Why isn’t Nintendo’s newest mobile game Fire Emblem Heroes popular?

2016 was a time of innovation for Nintendo as the game company decided to move some of its franchises to mobile phones. As a handheld game company, Nintendo was once competing with mobile phones.  As they say, however, if you can’t beat ’em, join ’em. Nintendo marked the beginning of 2017 with its first mobile Fire Emblem game, Fire Emblem Heroes.

When Pokémon Go was released in the US by Niantic and Nintendo, it resulted in a worldwide phenomenon of people of all ages going out and walking for the game.  The mobile app was so popular, in fact, that it was the top grossing app on the App Store and even Google’s most popular search of 2016 worldwide.  In Japan alone, the game was downloaded 1.3 million times in the first three hours.

Next came Nintendo’s Super Mario Run. The game only saw 2.85 million downloads in its first day worldwide, beating out Pokémon Go‘s 900,000 downloads in the first day.  This can be explained by the distribution. Pokémon Go was staggered worldwide, with certain countries receiving the game before others – and Japan not receiving it for two weeks after Western users – where Super Mario Run was distributed to 145 countries all on the first day. Super Mario Go even appeared on The Tonight Show with Jimmy Fallon to showcase the game.

Mario Run on Jimmy Fallon

Jimmy Fallon and Reggie Fils-Amie showcase Super Mario Run.

The entire world knew about Mario and Pokémon. So why does Fire Emblem Heroes have such a niche playerbase?

For starters, Fire Emblem Heroes has nowhere near the amount of downloads as Nintendo’s first two games.  According to MacRumors, Fire Emblem got 2 million game launches on its first day compared to Mario’s 6 million and Pokémon’s 4.2 million. It gets worse: Many of these launches are duplicates due to players re-rolling their first set of heroes to get better ones.  So although Fire Emblem Heroes beat out Clash Royale, these statistics can’t necessarily be trusted. Many of those downloads were duplicates.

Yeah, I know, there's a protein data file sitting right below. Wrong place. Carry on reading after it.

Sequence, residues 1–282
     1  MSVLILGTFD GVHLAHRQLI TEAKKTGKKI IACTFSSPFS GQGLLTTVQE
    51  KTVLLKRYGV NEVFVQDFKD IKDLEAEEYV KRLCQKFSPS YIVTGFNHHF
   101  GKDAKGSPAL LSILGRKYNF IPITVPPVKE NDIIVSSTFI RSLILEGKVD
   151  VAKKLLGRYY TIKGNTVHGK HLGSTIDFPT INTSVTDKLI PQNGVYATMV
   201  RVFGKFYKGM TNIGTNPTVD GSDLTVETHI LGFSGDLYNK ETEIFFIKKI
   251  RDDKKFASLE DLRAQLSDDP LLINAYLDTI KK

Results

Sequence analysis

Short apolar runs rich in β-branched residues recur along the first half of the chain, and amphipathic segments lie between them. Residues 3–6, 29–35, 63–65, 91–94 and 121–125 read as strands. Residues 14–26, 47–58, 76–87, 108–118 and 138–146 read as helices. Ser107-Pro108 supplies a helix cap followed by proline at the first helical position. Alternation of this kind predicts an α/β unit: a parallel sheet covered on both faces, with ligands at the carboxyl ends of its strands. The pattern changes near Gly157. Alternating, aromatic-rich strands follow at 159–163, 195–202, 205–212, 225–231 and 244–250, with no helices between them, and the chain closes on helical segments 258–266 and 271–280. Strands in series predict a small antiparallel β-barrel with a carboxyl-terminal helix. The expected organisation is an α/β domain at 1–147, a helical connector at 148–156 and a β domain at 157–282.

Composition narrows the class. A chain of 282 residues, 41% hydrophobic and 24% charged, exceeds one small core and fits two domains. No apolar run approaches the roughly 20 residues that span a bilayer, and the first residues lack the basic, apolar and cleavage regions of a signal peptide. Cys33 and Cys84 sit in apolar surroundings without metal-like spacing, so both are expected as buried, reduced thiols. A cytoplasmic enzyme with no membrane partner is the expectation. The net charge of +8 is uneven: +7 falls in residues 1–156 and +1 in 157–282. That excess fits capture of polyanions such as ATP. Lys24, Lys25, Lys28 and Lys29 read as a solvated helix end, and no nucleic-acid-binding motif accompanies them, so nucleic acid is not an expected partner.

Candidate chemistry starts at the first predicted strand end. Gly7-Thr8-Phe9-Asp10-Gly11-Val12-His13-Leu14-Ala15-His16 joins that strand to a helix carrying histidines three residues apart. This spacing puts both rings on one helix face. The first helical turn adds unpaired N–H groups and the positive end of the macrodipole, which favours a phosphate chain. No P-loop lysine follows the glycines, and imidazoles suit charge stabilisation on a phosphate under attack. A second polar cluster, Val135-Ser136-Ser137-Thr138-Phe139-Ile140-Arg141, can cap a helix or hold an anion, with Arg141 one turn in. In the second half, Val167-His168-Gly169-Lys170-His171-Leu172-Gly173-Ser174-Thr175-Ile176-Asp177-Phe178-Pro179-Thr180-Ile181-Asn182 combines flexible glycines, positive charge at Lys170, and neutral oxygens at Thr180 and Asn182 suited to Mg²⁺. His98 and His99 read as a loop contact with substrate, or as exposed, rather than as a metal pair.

It isn’t like Nintendo didn’t properly create hype for the game.  On their official website, Nintendo hosted an event encouraging fans to vote for their favorite Fire Emblem Character.  The winners will get an exclusive outfit in the game to celebrate. Fans definitely knew the game was coming out.

The issue is that non-fans didn’t know the game was coming out, and they didn’t know why they should care. Fire Emblem has nowhere near the popularity of Pokémon or Mario.  Everyone knows who Mario and Pikachu are, but no one knows who Lucina is without being a fan of the series or an avid follower of Nintendo.

When Super Mario Run and Pokémon Go were released, they appealed to the millions of fans that played Mario and Pokémon as children but since lost touch of the games.  These were games that were wildly popular in the 90s and continue to have a grip on children today and gamers that grew up with them.  Fire Emblem has a much more complicated and flip-flopped history.

How is fire emblem any different?

Where most games begin popular and base sequels off of this Fire Emblem wasn’t released outside of Japan until the third game.  Even once western audiences got the games, they were only popular in Super Smash Bros., Nintendo’s compilation game involving characters from every series.  People would play as Marth, Ike, or Roy and become curious about what games they came from, but otherwise weren’t very invested.


No game is born a franchise, either.

In fact, Fire Emblem was very nearly cancelled as a whole until its most popular game, Fire Emblem: Awakening. This game was meant to be the last in the series as a tip of the hat to the previous games that just never really made it big in the way Nintendo’s other series did. Thankfully for the series, Awakening saw a boom in popularity among gamers and was able to generate enough revenue to justify the continuation of the series, and Fire Emblem: Fates began production.

What does a history have to do with a game’s mobile success?  The answer is in the platform.  Where only gamers have a reason to own a Nintendo 3DS, nearly everyone in first-world countries owns a smartphone and has at least one game on it.  Mario and Pokémon can appeal to the broader audience of people who played these games as children and now see a mobile game as a fun, free throwback to their childhoods.

However, Fire Emblem has a reversed history.  It spent most of the 90s and 00s as a niche strategy game for only elite players and only recently became popular among gamers.  Where Pokémon and Mario appeal to everyone who knows the name, Fire Emblem is unfamiliar to anyone who hasn’t picked up a handheld gaming system in the last five years.

Although Fire Emblem: Heroes is a fun game, and addicting as well, its smaller playerbase can’t hold up to the nostalgia provided by Pikachu and Mario. Nintendo is much better off publishing its much more popular and available games for mobile platforms if it wants to stay at the top of the charts.


Leave a reply